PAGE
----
MIAMI – The Stockholm Arlanda Airport (ARN) unveils today Open Sky: an installation where data from the world’s air traffic, taken from FlightRadar24, is projected onto a two-meter diameter globe. It will be visualized using a three-dimensional projection mapping technique.
With Open Sky, passengers could anticipate the growing number of destinations that can be reached directly from ARN.
“We’re excited to be a part of this project. Flightradar24 is a complex service with thousands of different systems, functions and of course, people who have to operate together, much like an airport. Through a network of so called ADS-B receivers covering large parts of the planet, we are able to pick up signals from aircraft and basically track the entire world’s air traffic live,” said Fredrik Lindahl, CEO of Flightradar24.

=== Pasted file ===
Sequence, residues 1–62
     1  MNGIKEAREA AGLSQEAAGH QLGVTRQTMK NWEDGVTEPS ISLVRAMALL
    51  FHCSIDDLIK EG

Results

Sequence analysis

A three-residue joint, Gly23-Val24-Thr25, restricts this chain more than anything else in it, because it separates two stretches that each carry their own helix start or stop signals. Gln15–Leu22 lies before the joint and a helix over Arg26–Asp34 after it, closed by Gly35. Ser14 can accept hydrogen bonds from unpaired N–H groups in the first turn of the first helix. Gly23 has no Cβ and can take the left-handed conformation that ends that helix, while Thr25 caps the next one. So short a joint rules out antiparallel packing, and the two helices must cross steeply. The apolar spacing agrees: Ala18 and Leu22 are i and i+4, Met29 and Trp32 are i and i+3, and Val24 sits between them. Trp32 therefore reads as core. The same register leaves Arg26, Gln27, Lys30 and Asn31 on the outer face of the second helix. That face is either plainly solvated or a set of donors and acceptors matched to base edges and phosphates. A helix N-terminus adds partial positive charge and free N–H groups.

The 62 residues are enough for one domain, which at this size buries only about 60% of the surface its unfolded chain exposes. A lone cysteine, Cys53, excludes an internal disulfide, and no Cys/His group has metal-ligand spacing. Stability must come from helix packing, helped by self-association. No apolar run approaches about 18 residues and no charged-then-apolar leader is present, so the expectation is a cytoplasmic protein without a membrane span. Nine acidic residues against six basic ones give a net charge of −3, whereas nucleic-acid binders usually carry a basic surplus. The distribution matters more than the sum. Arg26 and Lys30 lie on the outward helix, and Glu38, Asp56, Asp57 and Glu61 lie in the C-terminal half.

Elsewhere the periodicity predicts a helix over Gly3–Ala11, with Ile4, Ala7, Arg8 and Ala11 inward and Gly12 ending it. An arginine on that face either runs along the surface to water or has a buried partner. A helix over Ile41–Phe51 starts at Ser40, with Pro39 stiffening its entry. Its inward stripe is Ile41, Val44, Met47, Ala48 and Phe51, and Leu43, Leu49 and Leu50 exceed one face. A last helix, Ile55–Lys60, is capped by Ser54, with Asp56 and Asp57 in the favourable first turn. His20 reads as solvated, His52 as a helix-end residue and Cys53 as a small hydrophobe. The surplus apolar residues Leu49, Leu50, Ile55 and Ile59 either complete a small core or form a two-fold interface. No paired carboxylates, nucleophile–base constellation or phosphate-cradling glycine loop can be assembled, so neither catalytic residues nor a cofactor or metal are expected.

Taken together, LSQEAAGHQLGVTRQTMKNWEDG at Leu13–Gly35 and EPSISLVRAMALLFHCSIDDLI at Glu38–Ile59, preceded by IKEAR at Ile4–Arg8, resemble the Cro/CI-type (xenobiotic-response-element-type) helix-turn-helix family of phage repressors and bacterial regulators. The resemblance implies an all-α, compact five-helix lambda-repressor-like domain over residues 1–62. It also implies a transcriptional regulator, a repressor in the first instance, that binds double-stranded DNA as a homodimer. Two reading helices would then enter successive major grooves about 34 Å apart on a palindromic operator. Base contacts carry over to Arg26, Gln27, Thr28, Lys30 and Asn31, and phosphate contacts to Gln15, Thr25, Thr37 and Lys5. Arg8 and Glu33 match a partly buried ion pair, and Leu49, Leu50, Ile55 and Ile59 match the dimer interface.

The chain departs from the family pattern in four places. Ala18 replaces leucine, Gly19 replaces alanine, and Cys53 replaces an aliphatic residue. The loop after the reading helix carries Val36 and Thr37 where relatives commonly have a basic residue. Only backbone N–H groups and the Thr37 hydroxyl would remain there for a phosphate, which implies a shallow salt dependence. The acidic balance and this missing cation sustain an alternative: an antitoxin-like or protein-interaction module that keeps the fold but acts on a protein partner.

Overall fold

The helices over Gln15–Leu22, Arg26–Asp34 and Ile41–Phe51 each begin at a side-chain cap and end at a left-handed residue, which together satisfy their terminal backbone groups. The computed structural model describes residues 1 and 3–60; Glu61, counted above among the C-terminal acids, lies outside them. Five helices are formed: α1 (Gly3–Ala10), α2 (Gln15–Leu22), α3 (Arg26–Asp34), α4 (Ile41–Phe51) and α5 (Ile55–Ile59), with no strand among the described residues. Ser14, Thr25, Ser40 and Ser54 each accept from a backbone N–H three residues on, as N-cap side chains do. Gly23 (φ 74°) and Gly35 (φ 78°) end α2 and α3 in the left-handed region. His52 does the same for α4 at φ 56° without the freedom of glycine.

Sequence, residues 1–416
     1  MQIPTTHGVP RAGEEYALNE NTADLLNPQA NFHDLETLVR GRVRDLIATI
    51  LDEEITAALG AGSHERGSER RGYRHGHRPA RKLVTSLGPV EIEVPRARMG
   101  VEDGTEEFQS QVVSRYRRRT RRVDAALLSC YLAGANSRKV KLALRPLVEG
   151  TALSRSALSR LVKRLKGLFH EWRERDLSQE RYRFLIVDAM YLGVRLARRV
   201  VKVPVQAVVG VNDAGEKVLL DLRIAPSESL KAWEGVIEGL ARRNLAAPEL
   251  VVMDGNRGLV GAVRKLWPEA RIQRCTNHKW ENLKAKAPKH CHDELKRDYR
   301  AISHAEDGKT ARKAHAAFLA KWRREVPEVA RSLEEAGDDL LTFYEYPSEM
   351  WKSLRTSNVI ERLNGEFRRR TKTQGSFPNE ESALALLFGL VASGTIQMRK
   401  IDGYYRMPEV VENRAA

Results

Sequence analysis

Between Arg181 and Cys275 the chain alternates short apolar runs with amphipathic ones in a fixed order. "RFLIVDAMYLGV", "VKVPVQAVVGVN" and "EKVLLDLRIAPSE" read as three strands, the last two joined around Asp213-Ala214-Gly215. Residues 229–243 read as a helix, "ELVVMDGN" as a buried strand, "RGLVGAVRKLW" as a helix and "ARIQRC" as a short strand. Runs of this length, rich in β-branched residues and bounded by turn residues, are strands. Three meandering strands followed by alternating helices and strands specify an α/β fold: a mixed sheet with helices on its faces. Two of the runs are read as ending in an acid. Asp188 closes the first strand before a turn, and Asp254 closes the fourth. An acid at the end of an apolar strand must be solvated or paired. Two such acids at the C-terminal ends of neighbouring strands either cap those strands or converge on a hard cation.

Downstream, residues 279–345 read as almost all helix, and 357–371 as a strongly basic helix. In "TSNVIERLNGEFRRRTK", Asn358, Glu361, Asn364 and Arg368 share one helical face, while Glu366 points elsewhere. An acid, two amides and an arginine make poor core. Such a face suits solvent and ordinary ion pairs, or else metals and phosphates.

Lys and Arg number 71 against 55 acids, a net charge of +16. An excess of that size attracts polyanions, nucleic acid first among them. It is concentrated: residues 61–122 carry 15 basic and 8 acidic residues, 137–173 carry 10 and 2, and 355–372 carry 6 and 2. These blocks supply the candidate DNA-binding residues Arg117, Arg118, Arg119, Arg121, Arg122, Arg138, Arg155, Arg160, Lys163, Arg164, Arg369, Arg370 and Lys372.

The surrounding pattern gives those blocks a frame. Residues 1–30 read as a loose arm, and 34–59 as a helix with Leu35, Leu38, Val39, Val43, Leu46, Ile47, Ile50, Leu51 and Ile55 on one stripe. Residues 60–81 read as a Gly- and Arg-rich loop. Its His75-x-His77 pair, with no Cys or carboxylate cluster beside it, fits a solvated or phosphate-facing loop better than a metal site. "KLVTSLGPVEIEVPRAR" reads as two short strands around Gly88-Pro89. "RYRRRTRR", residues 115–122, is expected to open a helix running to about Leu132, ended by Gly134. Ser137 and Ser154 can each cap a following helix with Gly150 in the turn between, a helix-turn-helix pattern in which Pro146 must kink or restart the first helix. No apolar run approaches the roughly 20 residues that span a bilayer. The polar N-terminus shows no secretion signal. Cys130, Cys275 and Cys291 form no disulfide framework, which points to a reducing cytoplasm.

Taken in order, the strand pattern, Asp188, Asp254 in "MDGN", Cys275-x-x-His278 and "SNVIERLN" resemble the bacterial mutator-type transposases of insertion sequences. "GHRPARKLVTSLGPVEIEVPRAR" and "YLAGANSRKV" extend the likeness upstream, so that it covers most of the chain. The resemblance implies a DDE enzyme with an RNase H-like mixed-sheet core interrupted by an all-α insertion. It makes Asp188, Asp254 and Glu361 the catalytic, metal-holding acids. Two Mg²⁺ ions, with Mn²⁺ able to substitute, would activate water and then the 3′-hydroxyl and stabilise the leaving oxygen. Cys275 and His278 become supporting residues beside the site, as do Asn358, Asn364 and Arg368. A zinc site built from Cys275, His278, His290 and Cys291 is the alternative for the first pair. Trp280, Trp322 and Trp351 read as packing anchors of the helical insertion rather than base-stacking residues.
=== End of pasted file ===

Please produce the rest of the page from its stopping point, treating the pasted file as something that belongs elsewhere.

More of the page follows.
Since the founding of Swedavia in 2010, the number of travelers passing through Stockholm Arlanda has increased by 30%, setting a new passenger record with more than 24.7 million passengers in 2016. Currently, the airport operates more than 160 routes with an increasing list of possible new destinations — last year 47 new destinations were established.
“Open Sky makes our 160 destinations worldwide visible and it’s a way for us to display our goal of becoming the leading airport in Scandinavia by 2020. The installation clearly shows how Arlanda brings the world closer,” said Kjell-Åke Westin, Airport Director at Stockholm ARN.
Projection mapping is used to project images or videos onto irregularly shaped objects, in this case, a miniature globe. This is the first time that projection-mapping technique is used in a public airport. Open Sky is located inside the departure hall at Terminal 5 and will be a permanent installation at Stockholm Arlanda Airport.